[Originally written on 4 March 2012 at 15h45.]
I already got to deliver my last lecture for my PH101-PH102 students this year. In a few days, I’ll be listening to all their final group presentations and final oral exams, as well as checking all their final synthesis papers.
My last lecture was pretty straightforward. It grafted the last chapters of Paul Ricoeur’s Oneself as Another unto his exposition of the three-fold mimesis, and it was about how being human ultimately means having conviction.
Of course, nothing about having conviction is straightforward. I may have delivered my lecture in a linear and diagrammed manner, but its subject, having conviction, is anything but linear—and it most definitely cannot be diagrammed in real life.
All in all, however, I managed to tell my students that what it means to be human—more precisely, what it means to be a good human being—is to be whoever they are as individuals: To be human is to work and re-work on their identities, to strive for self-constancy for those who are counting on them to remain themselves, and to be willing to put their selves at stake for whoever they make themselves to be and for whomever may be counting on them.
As I delivered my last lecture, I observed the behavior of my students. There was, of course, the usual “I can’t wait for all of this to be over” expression on some of their faces, but there were also the encouraging “I get what you’re saying” and “I can so relate” nods. More than these, however, was the quiet but discernible deep inhale, accompanied by a pause in note-taking, and then followed by a thoughtful stare into space, a nostalgic half-smile, or a knowing/telling look thrown in the direction of a friend in class.
I knew that such instances of the quiet but discernible deep inhale among my students could’ve been about something other than what I was discussing in my last lecture. (“Fuck, I forgot about the paper due tomorrow!”) I also knew that such instances could’ve been faked to feign an interest in the course. (“I look interested, but I really can’t wait for all of this to be over.”) Nevertheless, I found such instances—the genuine ones of course, if any of them were genuine—reassuring. (“At least I broke through to a few of my students.” “Teaching is not a hopeless vocation after all.”)
Aside from the reassurance, the quiet but discernible deep inhale—the genuine kind—indicated a moment of personal reflection within my students. (“Who am I, really?” “But how do I get over my problems and issues?” “Am I happy?” “What do I want to do with my life?”) Witnessing such a moment of personal reflection within my students, in turn, triggered a moment of personal reflection within me. (“I’m already twenty-seven years old.” “I’m not getting any younger.” “Where am I going?” “Am I doing the right thing?”) Of course, as soon as I sensed that I was reflecting in the middle of my last lecture, I stopped it. I commanded myself to suspend any personal thoughts and questions ’til after my classes were over—’til the weekend, even.
And now it’s the weekend. And to be honest, I’d actually forgotten about my last lecture. I was reminded of it only just a few minutes ago, while I was putting away my freshly laundered clothes in my closet, when John Mayer’s “Why Georgia” (care of my iPod on shuffle) blared through my flat. It was enough to make me remember: “Because I wonder sometimes about the outcome of a still verdictless life. Am I living it right?…”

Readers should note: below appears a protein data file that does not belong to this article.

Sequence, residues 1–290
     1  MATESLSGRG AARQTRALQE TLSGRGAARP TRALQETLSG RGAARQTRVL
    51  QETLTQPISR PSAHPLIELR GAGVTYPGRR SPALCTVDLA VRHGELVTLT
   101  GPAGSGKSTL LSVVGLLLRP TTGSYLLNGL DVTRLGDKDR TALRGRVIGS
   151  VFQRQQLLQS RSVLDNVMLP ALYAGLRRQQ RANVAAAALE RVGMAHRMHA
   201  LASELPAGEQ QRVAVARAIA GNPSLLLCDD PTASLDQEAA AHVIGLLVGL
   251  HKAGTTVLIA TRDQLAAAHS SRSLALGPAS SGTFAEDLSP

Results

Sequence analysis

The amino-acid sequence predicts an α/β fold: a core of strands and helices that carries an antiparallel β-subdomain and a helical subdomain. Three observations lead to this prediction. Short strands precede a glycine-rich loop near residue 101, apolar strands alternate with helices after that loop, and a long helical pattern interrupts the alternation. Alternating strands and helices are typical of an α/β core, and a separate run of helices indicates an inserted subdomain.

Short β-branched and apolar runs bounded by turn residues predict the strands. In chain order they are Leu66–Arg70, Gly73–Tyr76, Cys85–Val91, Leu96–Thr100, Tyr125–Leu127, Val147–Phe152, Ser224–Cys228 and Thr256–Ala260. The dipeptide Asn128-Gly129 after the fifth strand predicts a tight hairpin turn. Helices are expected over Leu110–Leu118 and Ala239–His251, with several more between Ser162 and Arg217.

The lyrics made me pause for a bit—actually, they made me quietly but discernibly and deeply inhale—as they suddenly reminded me of the personal thoughts and questions I’d seen, so to speak, in the apparent personal reflection of a few of my students during my last lecture.
And you know what? I didn’t spend that much time reflecting on my personal thoughts and questions—and it wasn’t because I was being unreflective. It was actually much simpler and easier than that: I remembered once again that I was happy.
I am happy.
I spent the last three weeks working like hell but having the time of my life: I checked papers, held classes, attended meetings, examined graduating philosophy majors, and got peer-evaluated for my teaching. I went to a wedding expo and a dress fitting with and for one of my sisters, had drinks and meals with friends and colleagues, and spent a weekend in Ormoc with strangers (and also with my sister) to style a prenuptial photo shoot (actually, my sister and her fiancé’s). I began re-learning how to play the guitar and how to speak French, I got to watch the first season of Community, and I finished reading at least two books unrelated to work. I paid my rent, (partially) paid my credit card bills, cleaned my flat, and finally found time to completely do my laundry.
So when I heard John Mayer sing, “So what? So I’ve got a smile on. But it’s hiding the quiet superstitions in my head. Don’t believe me, don’t believe me, when I say I’ve got it down”—all I thought of in reply was, “Because I believe I’ve got it down, and it doesn’t really matter whether you, Anonymous Persona, believe me or not.”
Conviction, folks. Conviction.
By the way, which Chinese thinker was it who said, “After enlightenment, the laundry”? I can’t remember right now. But today—laundry day—has taught me, in a serendipitous and silly way, that after the laundry, there can be enlightenment too.
Laundry, folks. Laundry.